Today I wrote the following letter to the Board of Elections in my county. This is a slightly edited version that takes out a few personal details. I will post an update when (or if) I get a response.
Dear Election Commissioners:
I went to vote yesterday. My daughter was with me. She is 10 years old.
Inside the polling place, two men were sitting behind a table. One of the men looked up my name. The other man, who looked to be in his late sixties or early seventies, looked at my daughter and grinned.
"Do you go to Sunday school?" he asked her.
"No," I interjected and frowned.
The man ignored me and asked my daughter, "How many-- uh-- animals did-- uh-- Moses have on the-- uh-- on the arc?"
My daughter gave me a distressed look. My frown deepened. The man glanced up at me, grinned at my daughter again, and said no more.
The other man handed me my ballot sheet and I walked away from the table. I took several steps and turned to see my daughter had not followed me. She was standing very still and looking nervously at the man behind the table.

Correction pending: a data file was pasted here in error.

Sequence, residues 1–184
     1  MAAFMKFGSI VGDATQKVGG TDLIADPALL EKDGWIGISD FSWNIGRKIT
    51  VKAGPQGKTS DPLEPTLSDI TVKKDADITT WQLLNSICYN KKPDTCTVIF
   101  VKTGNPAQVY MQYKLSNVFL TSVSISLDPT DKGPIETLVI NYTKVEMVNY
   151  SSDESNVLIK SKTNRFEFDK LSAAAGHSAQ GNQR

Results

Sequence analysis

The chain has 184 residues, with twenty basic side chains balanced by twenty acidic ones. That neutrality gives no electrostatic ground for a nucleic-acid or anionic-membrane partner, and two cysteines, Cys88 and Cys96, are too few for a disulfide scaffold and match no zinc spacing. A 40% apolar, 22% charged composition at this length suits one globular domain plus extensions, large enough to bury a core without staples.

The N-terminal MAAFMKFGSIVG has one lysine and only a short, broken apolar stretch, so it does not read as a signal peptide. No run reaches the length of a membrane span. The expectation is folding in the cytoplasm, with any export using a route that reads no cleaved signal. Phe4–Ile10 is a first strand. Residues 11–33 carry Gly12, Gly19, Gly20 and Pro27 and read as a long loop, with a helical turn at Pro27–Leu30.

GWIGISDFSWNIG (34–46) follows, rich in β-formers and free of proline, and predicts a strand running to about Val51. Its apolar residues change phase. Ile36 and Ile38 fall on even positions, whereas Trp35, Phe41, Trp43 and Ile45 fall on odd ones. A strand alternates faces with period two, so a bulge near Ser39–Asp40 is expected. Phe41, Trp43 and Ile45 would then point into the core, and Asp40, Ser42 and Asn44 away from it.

I called to her but she didn't move or even look at me. I called a second time but she remained frozen. The third time I called, she marched over, stood next to me, and kept her back to the man at the table.
I voted and we left. Outside, my daughter spoke first. "Dad," she said, laughing nervously, "that guy was totally scary and creepy!"
My daughter was right. The man's demeanor and expressions were creepy. Personal questions from strangers about my family's religious education and Biblical knowledge are socially awkward in any setting. But for an election worker, it's not only inappropriate, it's illegal. This man should not be testing for religion at the ballot box.
Please take appropriate steps to ensure this never happens again to any voter in this county.